US Release Date: 03-12-2010
Directed by: Jim Field Smith
- Jay Baruchel, as
- Alice Eve, as
- T.J. Miller, as
- Mike Vogel, as
- Nate Torrence, as
- Lindsay Sloane, as
- Kyle Bornheimer, as
- Jessica St. Clair, as
- Krysten Ritter, as
- Debra Jo Rupp, as
- Mrs. Kettner
- Adam LeFevre, as
- Mr. Kettner
- Geoff Stults as
Barbie has her choice between Ken and Squiggy.
I recall seeing a picture of beautiful country singer Shania Twain and her unattractive husband. How could such a ordinary looking guy get such a beautiful woman? Okay, we know how Hugh Hefner does it, but how do guys who don't have millions do it? That is the question She's Out of My League attempts to answer.
Kirk is your average, insecure 20 something, who still lives at home. He works at an airport with his three firends. He works in security, where he finds the cell phone of a beautiful girl, Molly, who just boarded a plane. She calls him from the plane and asks to meet him when she gets back, to return the phone. They meet, and start dating.
Kirk is just out of a bad relationship that is constantly in his face. His former girlfriend is very close to his parents, so she, and her new boyfriend, are always at his house. Molly is likewise just out of a relationship with a tall, goodlooking pilot, Cam, who has the nickname "Footlong" painted on the side of his plane. While Kirk and Molly are on a date, he walks up and assumes the Kirk is her gay friend.
Kirk's friends are all impressed by Molly's looks and try to give him advice on their relationship. At one point, Jack drops his pants to demonstrate that Kirk should shave his testicles to make them seem more inviting, like his. What follows is a scene of Kirk trying to shave himself. It is not as funny as it is meant to be.
Written by the guys who brought us Sex Drive, She's Out of My League makes these 20 somethings seem more like teenagers. Kirk and Molly take it slow, sexually speaking. In one scene, they are fully clothed, making out on her couch. She straddles him and grinds away. He ends up ejaculating in his pants. Of course that is right when her parents decide to visit. The real punchline for that scene comes (no pun intended) in the next one, when he meets his three friends at work and Stainer says, "My shift doesn't start for a half hour, I just came early." Like I said, the jokes are pretty juvenile.
To it's credit, She's Out of My League makes a meager effort to show why a 10 may want a 5. Several moments have Kirk do some random little kind gesture as Molly smiles appreciatively. At one point Molly lies to her parents about what Kirk does for a living. The writers were making an attempt to show some depth in these characters. She is a ten, but she is not perfect.
Speaking of Molly, Alice Eve is beautiful in the sense that all of her parts are properly proportioned to make her attractive. However, she really has very little charisma. Some actresses seem better looking than they really are because of their mannerisms (Sarah Jessica Parker)or smile (Julia Roberts). Eve relies solely on her boobs. Nearly every outfit she wears shows some amount of cleavage. She is also not a great actress, and seems to get lost when required to do anything other than pose.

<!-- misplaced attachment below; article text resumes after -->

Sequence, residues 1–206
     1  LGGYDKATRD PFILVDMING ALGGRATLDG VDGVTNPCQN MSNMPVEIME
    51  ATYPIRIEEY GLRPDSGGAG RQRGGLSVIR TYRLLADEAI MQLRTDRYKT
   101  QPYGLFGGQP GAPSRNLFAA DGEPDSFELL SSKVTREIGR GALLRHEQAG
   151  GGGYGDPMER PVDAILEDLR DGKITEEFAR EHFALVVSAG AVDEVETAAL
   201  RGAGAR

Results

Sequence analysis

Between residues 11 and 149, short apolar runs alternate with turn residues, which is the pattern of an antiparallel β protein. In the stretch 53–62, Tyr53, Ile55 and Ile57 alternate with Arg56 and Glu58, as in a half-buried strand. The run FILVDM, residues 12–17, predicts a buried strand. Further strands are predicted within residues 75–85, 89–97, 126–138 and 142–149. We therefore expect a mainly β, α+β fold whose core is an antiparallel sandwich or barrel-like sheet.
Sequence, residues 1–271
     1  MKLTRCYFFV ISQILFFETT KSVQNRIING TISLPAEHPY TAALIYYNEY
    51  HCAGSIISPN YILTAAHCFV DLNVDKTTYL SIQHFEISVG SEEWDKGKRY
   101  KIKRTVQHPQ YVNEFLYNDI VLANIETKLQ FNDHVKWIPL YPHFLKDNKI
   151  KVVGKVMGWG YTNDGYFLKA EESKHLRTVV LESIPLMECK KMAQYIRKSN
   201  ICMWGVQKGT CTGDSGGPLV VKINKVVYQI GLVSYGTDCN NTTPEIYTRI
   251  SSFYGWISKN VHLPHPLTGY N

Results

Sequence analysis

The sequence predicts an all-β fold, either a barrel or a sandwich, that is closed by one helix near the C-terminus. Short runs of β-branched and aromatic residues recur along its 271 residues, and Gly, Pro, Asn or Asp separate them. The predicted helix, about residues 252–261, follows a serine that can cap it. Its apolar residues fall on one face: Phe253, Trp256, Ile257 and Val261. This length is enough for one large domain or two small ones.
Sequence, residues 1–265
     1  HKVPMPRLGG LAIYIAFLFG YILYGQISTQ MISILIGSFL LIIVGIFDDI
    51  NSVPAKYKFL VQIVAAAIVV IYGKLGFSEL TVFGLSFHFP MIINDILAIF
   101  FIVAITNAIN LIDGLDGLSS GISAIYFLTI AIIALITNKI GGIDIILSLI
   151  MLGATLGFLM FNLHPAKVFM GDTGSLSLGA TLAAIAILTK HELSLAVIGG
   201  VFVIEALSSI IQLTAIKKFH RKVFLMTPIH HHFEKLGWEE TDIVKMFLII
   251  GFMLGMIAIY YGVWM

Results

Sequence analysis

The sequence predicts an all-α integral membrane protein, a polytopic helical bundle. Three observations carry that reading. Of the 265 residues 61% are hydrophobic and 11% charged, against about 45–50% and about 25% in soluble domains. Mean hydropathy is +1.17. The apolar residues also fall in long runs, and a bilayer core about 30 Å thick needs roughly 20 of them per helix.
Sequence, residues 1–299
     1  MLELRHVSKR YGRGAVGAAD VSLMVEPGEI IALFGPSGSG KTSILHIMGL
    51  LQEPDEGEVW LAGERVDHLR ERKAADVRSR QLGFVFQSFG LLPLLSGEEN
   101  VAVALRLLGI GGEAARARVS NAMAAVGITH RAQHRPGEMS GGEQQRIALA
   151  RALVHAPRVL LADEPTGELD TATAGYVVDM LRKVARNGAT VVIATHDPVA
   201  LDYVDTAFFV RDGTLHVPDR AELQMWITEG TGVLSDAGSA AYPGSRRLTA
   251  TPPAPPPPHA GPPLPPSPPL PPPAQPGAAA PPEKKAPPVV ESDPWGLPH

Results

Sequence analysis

My 16 year old son thought this movie was funny, and I guess that makes sense as he is more it's target audience than I. The idea that a hottie could go for a average guy is a decent enough plot device. Molly has a scene where she says she would love Kirk no matter what he did for a living. Then the movie cops out with the last scene of him surprising her with a plane ride, as he has secretly got a airplane license. So what is the message? A beautiful woman should love a man no matter what his job or looks, as long as he is nice. Or is it that a man is inspired by a woman above him, to better himself? Either way, She's Out of My League works best when keeping it light and not overanalyzing.
Alice Eve in She's Out of My League.
You summed up the whole movie perfectly Eric when you said, "It is not as funny as it is meant to be." It tries hard enough, but not enough of the jokes actually work. It all feels very Judd Apatow-lite, like a weak cousin of The 40 Year Old Virgin.
Two of the scenes you mention are perfect examples of not being funny enough. When Kirk shoots off early in his pants and the dog and Molly's parents show up, it is setup to be quite farcical, but then it never really goes anywhere. Likewise when Kirk's friend drops his pants to show everyone that he shaves his genitals and then when Kirk's other friend actually helps Kirk shave. Those moments aren't funny, they're just odd.
Although the movie tries to give reasons why Kirk and Molly are together, their relationship seems doomed. How long until Molly becomes bored with Kirk? She's upper class and he's middle class and they seem to share only a few common interests. As she freely admits, she only dated him because she wanted someone safe after her last boyfriend. As for Kirk, he's just moved from one relationship where he was dominated by a woman to another relationship where he's dominated by a woman, just a nicer more attractive one is all.
The funniest moments in the movie all involve Kirk's family. Their reaction when he brings Molly over is worth a few laughs. Debra Jo Rupp (That 70s Show) is funny whatever she's in and she causes a few chuckles here. Perhaps the movie's funniest scene is near the very end when Kirk finally reaches the breaking point with his family when they're on the plane. I won't ruin the punchline, but I definitely laughed hardest at it.
There are a few laughs scattered through out. Just about enough to keep you from being bored while you watch it, but not enough to make it great.
Photos © Copyright DreamWorks SKG (2010)